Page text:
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ONE HEALTH COMES OF AGE

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By Donald F. Smith, Cornell University
Posted August 10, 2012

        The AVMA meeting in San Diego this week featured lectures and meetings on One Health, which is the branch of science that unifies human health, animal health and environmental health.
        The One Health concept was the signature initiative of Dr. Roger Mahr when he was president of the AVMA in 2006-07. He challenged the veterinary profession to assert greater involvement in what scientists and regulatory officials were warning was the growing threat of diseases like avian flu and West Nile virus. These infectious diseases, called zoonotic, were erupting with greater frequency and virulence in the U.S. and around the world.


Dr. Roger K. Mahr, CEO, One Health Commission
President of the AVMA (2006-07)

Photo courtesy of the AVMA    
        One Health or One Medicine was advocated in the 19th century by physicians like William Osler (Johns Hopkins) and veterinarians like James Law (Cornell). However, physicians became less engaged in the potential spread of diseases between animals and people in the last few decades as the development of clinical specialties has changed the focus from the health of populations of people to that of the individual. 
        A One Health Commission was established to promote the understanding, prevention and treatment of zoonotic diseases. This becomes more important as the number and virulence of pathogenic organisms is growing and as the global travel of people, food components, and the movement of animals is increasing. 
        A second component of One Health is the realization that animals get many of the diseases and conditions that affect people. This was considered so important in the early days of veterinary education that at least two veterinary colleges (those at McGill in Montreal and Columbia University in New York) were actually referred to as colleges of comparative medicine. A book called Zoobiquity that provides several interesting examples of comparative medicine has recently received attention in the mainstream media (1).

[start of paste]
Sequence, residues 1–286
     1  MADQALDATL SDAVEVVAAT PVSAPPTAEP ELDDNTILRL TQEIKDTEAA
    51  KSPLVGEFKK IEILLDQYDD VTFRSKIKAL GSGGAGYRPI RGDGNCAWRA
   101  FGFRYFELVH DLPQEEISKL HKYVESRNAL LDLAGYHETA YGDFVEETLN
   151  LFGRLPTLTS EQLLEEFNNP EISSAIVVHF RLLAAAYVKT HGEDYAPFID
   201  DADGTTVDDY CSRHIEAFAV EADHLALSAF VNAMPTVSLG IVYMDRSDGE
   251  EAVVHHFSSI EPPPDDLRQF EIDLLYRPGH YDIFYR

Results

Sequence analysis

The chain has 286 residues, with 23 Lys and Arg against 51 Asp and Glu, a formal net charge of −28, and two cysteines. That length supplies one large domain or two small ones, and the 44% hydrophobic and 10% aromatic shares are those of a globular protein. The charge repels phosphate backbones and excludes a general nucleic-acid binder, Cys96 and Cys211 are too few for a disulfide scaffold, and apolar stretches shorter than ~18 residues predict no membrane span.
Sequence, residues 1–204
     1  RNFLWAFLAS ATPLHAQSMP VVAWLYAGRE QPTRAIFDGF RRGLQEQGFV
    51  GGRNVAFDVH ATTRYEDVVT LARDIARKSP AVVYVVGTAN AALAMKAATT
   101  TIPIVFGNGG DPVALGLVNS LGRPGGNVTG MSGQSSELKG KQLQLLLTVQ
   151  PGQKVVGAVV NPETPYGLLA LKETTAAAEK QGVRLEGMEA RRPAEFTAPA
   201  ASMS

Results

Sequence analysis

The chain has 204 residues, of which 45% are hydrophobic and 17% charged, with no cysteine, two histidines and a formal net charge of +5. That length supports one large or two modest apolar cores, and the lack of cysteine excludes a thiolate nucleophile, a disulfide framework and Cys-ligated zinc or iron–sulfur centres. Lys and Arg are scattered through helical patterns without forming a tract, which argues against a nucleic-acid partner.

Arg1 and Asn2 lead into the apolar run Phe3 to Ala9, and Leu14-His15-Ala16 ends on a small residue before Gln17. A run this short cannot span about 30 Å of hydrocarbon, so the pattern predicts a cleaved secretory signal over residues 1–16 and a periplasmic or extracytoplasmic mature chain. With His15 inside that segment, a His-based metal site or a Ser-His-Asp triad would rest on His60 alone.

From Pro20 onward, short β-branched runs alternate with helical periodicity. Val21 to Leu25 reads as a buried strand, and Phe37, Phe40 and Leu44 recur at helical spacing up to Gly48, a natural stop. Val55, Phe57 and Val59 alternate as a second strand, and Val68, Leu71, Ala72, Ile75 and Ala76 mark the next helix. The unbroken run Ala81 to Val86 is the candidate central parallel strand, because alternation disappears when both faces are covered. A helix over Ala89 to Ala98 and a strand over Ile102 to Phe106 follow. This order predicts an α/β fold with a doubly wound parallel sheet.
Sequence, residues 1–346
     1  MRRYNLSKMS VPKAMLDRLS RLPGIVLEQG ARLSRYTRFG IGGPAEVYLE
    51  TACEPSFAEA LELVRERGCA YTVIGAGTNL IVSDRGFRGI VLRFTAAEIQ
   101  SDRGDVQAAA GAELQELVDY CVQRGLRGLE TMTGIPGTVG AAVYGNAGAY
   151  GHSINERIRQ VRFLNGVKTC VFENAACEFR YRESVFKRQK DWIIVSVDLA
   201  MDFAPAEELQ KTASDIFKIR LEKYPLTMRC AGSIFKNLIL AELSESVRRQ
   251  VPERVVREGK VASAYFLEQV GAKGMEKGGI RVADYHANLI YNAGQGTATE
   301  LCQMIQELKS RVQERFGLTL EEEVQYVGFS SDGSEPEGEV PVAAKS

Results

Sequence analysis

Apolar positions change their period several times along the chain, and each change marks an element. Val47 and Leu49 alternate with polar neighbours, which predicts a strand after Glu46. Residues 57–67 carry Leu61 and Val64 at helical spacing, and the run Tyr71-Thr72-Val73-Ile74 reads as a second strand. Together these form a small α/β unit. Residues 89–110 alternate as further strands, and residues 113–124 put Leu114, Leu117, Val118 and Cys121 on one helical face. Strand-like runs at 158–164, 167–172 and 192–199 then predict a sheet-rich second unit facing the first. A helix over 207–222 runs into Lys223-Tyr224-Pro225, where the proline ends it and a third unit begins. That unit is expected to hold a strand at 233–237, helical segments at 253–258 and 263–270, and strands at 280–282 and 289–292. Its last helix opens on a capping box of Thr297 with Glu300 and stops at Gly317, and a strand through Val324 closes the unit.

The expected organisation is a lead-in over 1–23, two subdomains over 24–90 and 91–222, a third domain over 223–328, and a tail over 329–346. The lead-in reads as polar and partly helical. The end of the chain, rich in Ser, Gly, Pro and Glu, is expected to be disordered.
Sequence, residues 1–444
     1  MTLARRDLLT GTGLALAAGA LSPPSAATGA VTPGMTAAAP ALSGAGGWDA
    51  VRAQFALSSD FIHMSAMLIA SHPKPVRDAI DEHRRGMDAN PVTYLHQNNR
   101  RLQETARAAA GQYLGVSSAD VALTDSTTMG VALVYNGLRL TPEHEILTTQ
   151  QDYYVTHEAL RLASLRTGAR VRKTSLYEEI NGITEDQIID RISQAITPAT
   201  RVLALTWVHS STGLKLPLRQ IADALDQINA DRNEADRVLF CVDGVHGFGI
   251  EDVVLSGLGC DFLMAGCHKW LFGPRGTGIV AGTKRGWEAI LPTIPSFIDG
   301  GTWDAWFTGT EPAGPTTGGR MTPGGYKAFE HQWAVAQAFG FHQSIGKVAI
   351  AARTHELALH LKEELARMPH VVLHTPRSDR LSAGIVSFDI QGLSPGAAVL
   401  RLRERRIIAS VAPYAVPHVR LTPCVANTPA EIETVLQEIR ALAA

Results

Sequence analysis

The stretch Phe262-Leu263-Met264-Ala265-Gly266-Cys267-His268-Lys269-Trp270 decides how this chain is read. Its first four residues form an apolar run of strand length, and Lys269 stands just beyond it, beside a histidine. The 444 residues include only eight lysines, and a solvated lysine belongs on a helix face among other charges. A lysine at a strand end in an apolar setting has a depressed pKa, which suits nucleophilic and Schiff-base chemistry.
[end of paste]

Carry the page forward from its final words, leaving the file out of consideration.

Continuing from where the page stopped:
The third element of One Health relates to the ways in which pets and other animals actually promote human health. (2) A growing body of research is documenting the improvement of the physical, social, emotional and mental health of people who share their homes and environments with pets. Whether its walking your dog in the morning, riding your horse in the afternoon, or experiencing wild animals in their natural environment, animals improve the human condition. If these benefits to human health can be measured, we have the potential to not just improve the quality of life for both people and animals, but also to reduce the cost of human health care.
        One Health is an example of Back-to-the-Future Medicine, the re-discovery of concepts of medicine from past decades, but critically important in today's world. The leadership of veterinarian Roger Mahr was pivotal to energize a movement whose time had come.

(1) Zoobiquity: What Animals Can Teach Us About Health and the Science of Healing, by Barbara Natterson-Horowitz and Kathryn Bowers (Random House, Inc, 2012).
(2) The role of animals in promoting human health has been termed "zooeyia" by veterinarian Kate Hodgson who works with both physicians and veterinarians. 

Dr. Smith welcomes comments at dfs6@cornell.edu.
View original article: http://veterinarylegacy.blogspot.com/2012/08/one-health-comes-of-age.html
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